At three units participating in the trial, patients were asked to complete a questionnaire having 39 questions, each with 3–10 answer alternatives. The questionnaire was designed using parameters previously validated to describe preoperative and postoperative experience.

Patients completed questionnaires preoperatively and on Days 1, 4 and 7. The questions and answer alternatives are described in Table 1 (preoperative) and Table 2 (postoperative). Comparisons were made between patients receiving mechanical bowel preparation (MBP group) and patients without mechanical bowel preparation (No-MBP group) prior to surgery. The planned number to be included in the study was 100 patients. Data were recorded in a protocol and stored in an electronic database at the study centre in Motala, Sweden.
Table 1

The Patient's experience preoperatively.

Question

Answer alternatives

Describe your appetite the week before surgery?

Very good/Good/Fairly good/Fairly poor/Poor/Very poor

Did your diet change during the days prior to surgery?

Ate more than normal/Did not change/Ate less than normal

Were you able to complete your bowel preparation?

Yes, completely/to some extent

If you had difficulty in completing bowel preparation – which were the two most important reasons?

Free text

How would you describe your experience of your preoperative preparation?

0–10 on a Numerical Rating Scale where 0 = not difficult at all and 10 = extremely difficult

Did you experience pain from the abdomen/bowel the day before surgery?

0–10 on a Numerical Rating Scale where 0 = no pain and 10 = worst conceivable pain

Did you experience discomfort in the abdomen/bowel the day before surgery?

0–10 on a Numerical Rating Scale where 0 = no discomfort and 10 = worst conceivable discomfort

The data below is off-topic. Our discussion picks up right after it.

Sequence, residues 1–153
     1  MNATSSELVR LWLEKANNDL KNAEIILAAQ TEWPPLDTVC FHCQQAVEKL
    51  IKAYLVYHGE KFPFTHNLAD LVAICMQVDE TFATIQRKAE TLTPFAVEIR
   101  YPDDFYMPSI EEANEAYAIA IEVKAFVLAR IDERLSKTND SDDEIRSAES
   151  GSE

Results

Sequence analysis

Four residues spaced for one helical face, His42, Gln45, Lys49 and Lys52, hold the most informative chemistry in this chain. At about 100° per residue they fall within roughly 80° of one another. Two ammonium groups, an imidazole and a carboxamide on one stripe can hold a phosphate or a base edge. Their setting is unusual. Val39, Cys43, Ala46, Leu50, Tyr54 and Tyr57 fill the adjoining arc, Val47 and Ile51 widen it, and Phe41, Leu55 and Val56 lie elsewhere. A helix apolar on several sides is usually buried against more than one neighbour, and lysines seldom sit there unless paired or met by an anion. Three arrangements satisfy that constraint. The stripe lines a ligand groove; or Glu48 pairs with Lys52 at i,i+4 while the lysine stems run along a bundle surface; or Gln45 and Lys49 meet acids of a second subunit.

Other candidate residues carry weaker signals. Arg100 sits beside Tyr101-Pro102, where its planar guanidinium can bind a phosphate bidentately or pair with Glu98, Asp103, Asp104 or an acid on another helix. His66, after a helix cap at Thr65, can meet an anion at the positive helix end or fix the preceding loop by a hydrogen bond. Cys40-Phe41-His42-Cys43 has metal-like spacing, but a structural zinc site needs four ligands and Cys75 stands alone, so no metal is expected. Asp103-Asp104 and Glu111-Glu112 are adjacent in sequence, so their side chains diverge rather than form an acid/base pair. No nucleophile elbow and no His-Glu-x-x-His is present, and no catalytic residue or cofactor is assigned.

Did you experience hunger the day before surgery?

Not at all/A little/Quite a lot/Very much

Did you feel tired the day before surgery

Not at all/A little/Quite a lot/Much/Very much

Did you experience a sense of fullness the day before surgery?

Not at all/A little/Quite a lot/Very much

Did you experience nausea the day before surgery?

Not at all/A little/Quite a lot/Much/Very much

Did you experience abdominal distension the day before surgery?

Not at all/A little/Quite a lot/Much/Very much

Did you experience anxiety the day before surgery?

Not at all/A little/Quite a lot/Much/Very much

Did you feel sick the day before surgery?

Not at all/Quite a lot

Did you experience sleeping disturbance the day before surgery?

Not at all/A little/Quite a lot/Much/Very much

Did you experience disturbance in your daily routine the day before surgery?

Not at all/A little/Quite a lot/Much/Very much

Did you experience extensive sweating the day before surgery?

Not at all/A little/Quite a lot/Much

How many times did you visit the toilet the day before surgery?

None/1–2/3–4/5–6/7–8/9–10/10 or more

If you had bowel preparation, did you need assistance?

No assistance/Assistance from a relative/Assistance from hospital staff/assistance from other person

Could You consider the same preoperative preparation again?

Absolutely/Possibly/Absolutely not

Table 2

The Patient's experience postoperatively. Description of questionnaire

Questions

Answer alternatives

Describe the extent of pain you experienced during the first, fourth and seventh postoperative day.

A ten point Numerical Rating Scale where 0 = no pain and 10 = worst conceivable pain